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So, this works in IE but not Chrome. So something to do with how the browser handles the code. I'm fairly new to all this so apologies for not realizing the solution if it's simple. I looked around for something similar but couldn't find it.

function reFillTable(newData)
{
var tbl = document.getElementById("string"); //works
var tblLength = tbl.rows.length; //this works fine
var row = null;
var cell = null;
splitString = newData.split(" ");
var tableIndex = 1;

for (var n = 0; n < tblLength; n++)
{

  row = tbl.rows(n); //this breaks in chrome but not IE???????
  //code continues but is irrelevant as of now...

}



}

I can get an alert before the "row = tbl.rows(n);" but not after so it's clearly breaking on this line. What's the deal here? Also, is there a better way to traverse a table than this method? It was the only thing I found so I've been using this.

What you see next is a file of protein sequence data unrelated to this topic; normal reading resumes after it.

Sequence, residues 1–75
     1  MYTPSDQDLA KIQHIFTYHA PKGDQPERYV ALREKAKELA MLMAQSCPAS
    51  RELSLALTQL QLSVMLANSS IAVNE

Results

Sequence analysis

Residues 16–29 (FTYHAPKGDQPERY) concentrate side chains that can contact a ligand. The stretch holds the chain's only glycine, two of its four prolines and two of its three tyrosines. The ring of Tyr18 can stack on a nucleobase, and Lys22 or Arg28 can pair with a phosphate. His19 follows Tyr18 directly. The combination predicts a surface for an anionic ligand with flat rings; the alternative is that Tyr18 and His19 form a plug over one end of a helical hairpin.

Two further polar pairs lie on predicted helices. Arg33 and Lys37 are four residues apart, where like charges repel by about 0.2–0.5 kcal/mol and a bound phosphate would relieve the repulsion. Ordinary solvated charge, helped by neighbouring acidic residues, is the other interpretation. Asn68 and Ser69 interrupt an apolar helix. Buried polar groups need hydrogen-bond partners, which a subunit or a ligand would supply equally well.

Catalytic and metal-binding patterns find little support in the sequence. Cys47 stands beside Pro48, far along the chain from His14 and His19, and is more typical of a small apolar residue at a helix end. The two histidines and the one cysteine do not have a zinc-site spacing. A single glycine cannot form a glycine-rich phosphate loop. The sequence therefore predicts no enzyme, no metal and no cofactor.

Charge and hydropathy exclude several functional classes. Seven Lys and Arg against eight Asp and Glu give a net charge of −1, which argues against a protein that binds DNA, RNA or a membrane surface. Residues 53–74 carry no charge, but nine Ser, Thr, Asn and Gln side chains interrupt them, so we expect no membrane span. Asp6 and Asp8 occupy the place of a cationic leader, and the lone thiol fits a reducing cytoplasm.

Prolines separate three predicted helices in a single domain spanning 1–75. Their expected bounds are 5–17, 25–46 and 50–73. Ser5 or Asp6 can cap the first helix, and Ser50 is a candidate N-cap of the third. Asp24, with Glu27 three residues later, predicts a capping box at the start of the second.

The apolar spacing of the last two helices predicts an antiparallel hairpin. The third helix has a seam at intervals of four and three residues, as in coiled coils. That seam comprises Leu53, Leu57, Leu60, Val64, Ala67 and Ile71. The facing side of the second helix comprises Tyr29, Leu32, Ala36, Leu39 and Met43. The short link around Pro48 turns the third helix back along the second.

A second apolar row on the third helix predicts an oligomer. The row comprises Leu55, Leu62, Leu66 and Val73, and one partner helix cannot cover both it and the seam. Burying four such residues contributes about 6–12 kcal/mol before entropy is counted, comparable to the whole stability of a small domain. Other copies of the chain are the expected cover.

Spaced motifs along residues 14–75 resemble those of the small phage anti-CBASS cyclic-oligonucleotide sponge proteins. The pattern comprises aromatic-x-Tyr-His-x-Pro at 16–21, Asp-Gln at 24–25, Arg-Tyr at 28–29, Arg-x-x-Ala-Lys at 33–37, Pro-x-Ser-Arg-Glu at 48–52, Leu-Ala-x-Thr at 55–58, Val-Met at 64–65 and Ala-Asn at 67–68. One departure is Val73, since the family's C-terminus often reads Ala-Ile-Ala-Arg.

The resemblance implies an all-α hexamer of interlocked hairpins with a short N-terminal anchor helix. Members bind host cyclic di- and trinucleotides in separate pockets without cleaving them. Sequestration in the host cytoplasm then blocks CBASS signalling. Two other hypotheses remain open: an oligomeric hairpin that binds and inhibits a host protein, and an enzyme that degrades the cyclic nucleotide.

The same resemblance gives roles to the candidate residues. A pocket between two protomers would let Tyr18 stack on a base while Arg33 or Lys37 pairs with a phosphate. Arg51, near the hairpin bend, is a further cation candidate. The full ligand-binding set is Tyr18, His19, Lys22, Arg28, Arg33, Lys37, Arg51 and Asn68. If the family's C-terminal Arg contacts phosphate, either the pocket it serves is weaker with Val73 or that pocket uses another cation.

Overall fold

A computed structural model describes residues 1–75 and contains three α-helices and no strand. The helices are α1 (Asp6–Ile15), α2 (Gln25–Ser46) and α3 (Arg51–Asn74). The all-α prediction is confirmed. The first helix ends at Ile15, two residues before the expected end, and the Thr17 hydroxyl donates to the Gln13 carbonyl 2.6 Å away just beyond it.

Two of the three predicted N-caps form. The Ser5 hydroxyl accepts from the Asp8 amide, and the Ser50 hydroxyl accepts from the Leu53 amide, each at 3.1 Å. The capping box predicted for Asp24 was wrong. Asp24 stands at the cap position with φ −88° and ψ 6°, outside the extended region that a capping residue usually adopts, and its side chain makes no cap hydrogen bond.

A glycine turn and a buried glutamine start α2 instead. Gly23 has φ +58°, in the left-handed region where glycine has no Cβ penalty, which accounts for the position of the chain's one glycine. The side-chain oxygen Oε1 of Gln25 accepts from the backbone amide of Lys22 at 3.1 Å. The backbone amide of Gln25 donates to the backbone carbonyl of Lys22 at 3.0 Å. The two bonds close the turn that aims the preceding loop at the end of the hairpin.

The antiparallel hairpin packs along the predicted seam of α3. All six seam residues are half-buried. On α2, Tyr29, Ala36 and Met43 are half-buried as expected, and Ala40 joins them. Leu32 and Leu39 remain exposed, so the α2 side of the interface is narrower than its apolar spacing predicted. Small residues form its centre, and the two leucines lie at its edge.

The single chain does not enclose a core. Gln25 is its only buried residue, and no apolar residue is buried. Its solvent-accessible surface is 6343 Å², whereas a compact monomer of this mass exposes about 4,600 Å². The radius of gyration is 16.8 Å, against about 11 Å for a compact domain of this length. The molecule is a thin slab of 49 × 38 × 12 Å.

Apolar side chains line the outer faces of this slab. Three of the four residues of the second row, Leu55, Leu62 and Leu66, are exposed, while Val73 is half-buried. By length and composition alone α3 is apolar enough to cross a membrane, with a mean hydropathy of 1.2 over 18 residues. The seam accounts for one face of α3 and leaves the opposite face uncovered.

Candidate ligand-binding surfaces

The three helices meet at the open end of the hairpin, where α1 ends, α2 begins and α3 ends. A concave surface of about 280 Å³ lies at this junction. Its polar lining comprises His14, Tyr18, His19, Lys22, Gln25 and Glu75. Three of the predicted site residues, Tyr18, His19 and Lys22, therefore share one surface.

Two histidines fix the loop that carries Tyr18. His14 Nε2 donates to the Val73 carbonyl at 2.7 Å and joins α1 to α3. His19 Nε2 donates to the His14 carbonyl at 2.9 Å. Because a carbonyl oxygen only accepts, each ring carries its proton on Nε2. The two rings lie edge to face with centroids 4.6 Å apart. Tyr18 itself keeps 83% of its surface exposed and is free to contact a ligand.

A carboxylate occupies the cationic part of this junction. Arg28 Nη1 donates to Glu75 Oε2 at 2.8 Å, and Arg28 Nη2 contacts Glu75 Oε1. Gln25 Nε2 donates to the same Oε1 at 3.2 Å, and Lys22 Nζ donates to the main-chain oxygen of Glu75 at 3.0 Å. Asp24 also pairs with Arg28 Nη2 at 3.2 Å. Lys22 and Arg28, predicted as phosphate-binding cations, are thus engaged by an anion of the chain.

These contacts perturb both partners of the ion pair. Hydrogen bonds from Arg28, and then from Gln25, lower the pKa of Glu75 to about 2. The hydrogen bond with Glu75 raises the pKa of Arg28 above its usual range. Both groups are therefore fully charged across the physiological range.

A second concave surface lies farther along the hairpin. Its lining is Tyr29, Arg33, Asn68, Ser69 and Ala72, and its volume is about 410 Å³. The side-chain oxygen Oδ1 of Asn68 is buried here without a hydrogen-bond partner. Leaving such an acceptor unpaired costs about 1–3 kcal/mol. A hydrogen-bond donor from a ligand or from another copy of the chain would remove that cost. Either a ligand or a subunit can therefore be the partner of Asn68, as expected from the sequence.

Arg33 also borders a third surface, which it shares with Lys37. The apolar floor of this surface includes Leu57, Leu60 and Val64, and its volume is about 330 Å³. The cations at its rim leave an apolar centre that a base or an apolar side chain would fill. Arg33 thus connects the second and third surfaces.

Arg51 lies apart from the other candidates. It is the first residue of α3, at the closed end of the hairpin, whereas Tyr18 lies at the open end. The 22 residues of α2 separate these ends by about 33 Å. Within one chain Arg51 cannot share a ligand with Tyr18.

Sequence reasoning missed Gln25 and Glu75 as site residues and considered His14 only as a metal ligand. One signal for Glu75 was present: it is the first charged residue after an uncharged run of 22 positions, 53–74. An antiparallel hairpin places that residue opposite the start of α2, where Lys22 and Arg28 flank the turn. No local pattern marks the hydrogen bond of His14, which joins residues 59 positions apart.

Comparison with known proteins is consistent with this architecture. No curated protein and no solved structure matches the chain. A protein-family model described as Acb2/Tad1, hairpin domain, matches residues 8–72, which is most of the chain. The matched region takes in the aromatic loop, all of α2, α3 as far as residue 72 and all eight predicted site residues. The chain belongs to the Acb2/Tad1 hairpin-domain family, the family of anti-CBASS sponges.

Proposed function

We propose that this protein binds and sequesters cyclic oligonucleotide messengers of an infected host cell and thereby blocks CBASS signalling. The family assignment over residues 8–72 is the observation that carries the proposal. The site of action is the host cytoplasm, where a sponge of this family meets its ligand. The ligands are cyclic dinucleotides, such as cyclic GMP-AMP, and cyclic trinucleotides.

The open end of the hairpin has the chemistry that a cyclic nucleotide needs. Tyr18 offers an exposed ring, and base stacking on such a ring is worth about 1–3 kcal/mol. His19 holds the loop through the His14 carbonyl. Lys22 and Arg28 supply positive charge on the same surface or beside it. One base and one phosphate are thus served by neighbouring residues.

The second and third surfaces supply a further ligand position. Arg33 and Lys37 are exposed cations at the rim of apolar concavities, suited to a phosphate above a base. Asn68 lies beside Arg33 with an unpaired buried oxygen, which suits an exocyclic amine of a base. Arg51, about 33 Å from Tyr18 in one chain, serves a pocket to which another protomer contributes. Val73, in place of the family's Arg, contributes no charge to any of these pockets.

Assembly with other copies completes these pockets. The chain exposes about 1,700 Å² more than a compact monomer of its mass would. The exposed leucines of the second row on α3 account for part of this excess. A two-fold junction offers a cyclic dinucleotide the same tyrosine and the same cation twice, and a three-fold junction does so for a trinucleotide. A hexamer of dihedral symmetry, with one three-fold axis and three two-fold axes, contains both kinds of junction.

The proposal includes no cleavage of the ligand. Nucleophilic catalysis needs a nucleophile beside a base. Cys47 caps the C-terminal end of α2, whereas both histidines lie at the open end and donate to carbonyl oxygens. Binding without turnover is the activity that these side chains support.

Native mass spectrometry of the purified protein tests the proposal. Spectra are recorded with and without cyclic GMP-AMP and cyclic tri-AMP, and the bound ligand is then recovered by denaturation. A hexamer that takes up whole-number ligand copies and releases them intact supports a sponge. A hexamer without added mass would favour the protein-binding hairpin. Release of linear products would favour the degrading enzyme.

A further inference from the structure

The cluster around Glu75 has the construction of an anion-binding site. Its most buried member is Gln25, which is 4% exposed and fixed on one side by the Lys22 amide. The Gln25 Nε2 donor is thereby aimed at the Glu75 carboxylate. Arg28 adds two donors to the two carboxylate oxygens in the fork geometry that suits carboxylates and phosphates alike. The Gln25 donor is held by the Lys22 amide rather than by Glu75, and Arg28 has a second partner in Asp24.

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2 Answers 2

up vote 1 down vote accepted

try using row = tbl.rows[n];

It is the proper way for traversing table, and supported by all browsers

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Ok, so yea, when I first learned how to traverse a table, the guide didn't explain that it was an array. Hate how javascript is just "var" everything and your left to know if it's a String/int/array/whatever. –  cphilpot Mar 14 '12 at 15:52
    
javascript is a wonderful language, if u have the patience to learn it –  Nemoy Mar 14 '12 at 15:54
    
I suppose, I'm just starting on programming and learned Java first. Everything is nice and direct. You know if your dealing with arrays/strings/etc... So I'm just not used to having to deal with these kinds of issues. I'm sure I'll come to like it once I learn it better. –  cphilpot Mar 14 '12 at 16:21

Rows returns an array so change tbl.rows(n) to tbl.rows[n]. Full details on MDN.

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